Firstly, where Australia in recent years has condemned and legislated against a culture of binge drinking, Oktoberfest facilitates it, welcomes it with open arms. (Perhaps in foolish overestimation of the personal responsibility factor of its’ overseas tourists.)

I was apprehensive at the thought of five days of drinking beer in one-litre portions amongst a crowd of large Bavarian men, but was eased into proceedings on our first night by a visit to Hofbrauhaus, a large beer hall in Munich, outside the festival grounds.

Established way back in 1859, in 1920 Hofbrauhaus was the location of Adolf Hitler’s Nazi Party inauguration speech and painted swastikas, remnants of this horrific time in modern history remain on the high, pitched ceilings of the hall, hidden under huge red and yellow wheels which were painted in place after the war. This knowledge, in contrast with the loud and carefree merriment ensuing inside the building, leaves a strange feeling.

Wearing a newly-purchased dirndl, complete with apron and long socks, in keeping with the boys’ (Nic, Luke and Kurt) traditional lederhosen, I shared brotwurst, sauerkraut, crispy skinned pork and German potatoes, quickly learned to ‘Prost,’ (the German way of saying cheers) and downed a couple of litres (called a Mass in German) of the frothy stuff until we were threatened with removal from the establishment by a large and angry waiter and Kurt jumped out of the window.
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Pork and potato dumpling from Hofbrauhaus

I could finish this blog post here, because the rest of Oktoberfest was basically a ramped-up extension of this night, but I would like to explain a bit further into the magic and appeal behind this giant playground of excess for adults.

Day two, 9 am and the boys are back in (or perhaps still wearing) their lederhosen, which could by this time have been mistaken for a second skin – such was their emotional attachment to the traditional German folk-ware along with the difficulty in actually removing the heavy suede shorts.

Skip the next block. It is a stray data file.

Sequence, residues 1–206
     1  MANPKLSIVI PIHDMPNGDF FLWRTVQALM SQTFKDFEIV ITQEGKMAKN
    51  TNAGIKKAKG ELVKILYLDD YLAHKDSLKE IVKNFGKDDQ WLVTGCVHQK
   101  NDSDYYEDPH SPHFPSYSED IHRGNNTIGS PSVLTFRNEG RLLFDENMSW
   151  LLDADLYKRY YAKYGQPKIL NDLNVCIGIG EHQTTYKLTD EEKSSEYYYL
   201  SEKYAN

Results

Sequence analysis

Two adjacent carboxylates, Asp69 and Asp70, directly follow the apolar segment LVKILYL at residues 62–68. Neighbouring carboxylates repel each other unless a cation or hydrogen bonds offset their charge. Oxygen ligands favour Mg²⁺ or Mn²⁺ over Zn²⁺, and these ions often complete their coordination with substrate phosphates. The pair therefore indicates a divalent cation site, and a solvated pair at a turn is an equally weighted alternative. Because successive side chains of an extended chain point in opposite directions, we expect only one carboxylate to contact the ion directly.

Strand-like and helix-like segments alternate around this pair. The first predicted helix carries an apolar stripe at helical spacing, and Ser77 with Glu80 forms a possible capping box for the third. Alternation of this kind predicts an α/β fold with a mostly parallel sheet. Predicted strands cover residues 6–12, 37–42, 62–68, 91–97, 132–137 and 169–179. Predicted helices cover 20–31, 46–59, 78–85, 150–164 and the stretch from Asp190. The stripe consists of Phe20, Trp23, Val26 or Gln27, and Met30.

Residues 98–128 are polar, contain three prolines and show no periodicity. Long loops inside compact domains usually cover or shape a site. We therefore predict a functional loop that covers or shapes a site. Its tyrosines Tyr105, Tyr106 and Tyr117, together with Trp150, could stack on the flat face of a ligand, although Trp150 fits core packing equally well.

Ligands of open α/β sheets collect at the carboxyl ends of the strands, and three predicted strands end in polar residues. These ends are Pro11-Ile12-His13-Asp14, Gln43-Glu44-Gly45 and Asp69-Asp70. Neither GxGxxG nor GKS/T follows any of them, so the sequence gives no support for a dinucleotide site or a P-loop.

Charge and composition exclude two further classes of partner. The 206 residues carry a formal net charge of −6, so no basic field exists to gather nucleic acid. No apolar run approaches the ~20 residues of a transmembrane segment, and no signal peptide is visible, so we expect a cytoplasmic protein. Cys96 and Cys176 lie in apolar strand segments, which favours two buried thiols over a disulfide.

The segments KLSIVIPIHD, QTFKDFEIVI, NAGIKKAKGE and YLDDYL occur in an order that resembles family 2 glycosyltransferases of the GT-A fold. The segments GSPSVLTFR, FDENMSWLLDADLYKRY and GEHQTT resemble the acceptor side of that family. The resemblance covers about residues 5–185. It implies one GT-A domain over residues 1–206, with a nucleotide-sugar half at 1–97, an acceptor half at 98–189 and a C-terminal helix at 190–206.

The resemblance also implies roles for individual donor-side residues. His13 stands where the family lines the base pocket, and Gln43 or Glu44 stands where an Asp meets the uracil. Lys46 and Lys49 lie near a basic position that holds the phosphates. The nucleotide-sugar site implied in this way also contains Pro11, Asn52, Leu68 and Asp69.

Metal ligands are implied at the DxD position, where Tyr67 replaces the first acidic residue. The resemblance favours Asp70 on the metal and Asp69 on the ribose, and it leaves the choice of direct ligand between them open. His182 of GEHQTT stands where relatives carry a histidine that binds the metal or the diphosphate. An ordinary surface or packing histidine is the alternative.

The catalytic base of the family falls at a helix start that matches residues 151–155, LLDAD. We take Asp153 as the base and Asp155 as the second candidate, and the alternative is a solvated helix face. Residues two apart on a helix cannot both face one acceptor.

We meander our way by foot to the festival, which takes place at Theresienwiese, a meadow south-west of central Munich. Now, to eat and to choose which beer hall out of the 14 huge and impressive structures to hand our souls over to for the day.

Breakfast consists of a chicken schnitzel slapped into white bread (other days brotwurst, or some other dead, cooked or cured animal or a pretzel) and by 10.30 am we are seated at a long timber table in the red and yellow-themed Hippodrom tent, ‘Prosting’ with our first litres of beer. The aim is to be seated as early as possible each day, because by around midday, the halls, some seating 10,000 punters with increasingly glazed eyes, are full. And by full, I mean resembling a single giant, many armed, many legged, shouting, singing, beer devouring monster.
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Hippodrom hall

The bringing of beers at Oktoberfest is an exciting spectacle in itself. Hall staff, mainly buxom women, can be witnessed in awe, carrying up to eight beers at a time. At eight kilograms of liquid weight, plus another 1.3 kilos for each glass (more than 18 kg total!), combined with squeezing through drunk and disorderly merry-makers, this is no mean feat. They wear whistles around their necks to part the crowds and stern expressions on their faces. They are amazing and should probably be tipped more generously.

Beers cost about €10/litre and ordering anything less than a litre is sacrilege.

At about midday,the locals order a standard lunch of quarter chicken and chips to prime themselves for the coming hours of drinking. I say the locals, because the non-German tourists are either too excited by all the strange and wonderful menu options or cannot read the language well enough to choose sensible chicken, and end up ordering €66 platters consisting predominantly of radish. (Our rookie error…)
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€66 platter :/

By early afternoon all plates have been cleared and empty beer mugs are accumulating fast on the tables, alongside the battered feet of a few extra-keen revellers. Most people are by now standing on benches or are otherwise packed into the aisles between tables with little breathing room. Everyone is in traditional dress and singing, usually the wrong words to folk song after folk song and it is not unusual to see the entire brass band in the centre of each hall each scull a litre of beer in perfect harmony. It is a loud, excessive, merry congregation, the ruckus resembling that of an evangelist church service, but the worship taking place here is to none other but the beer.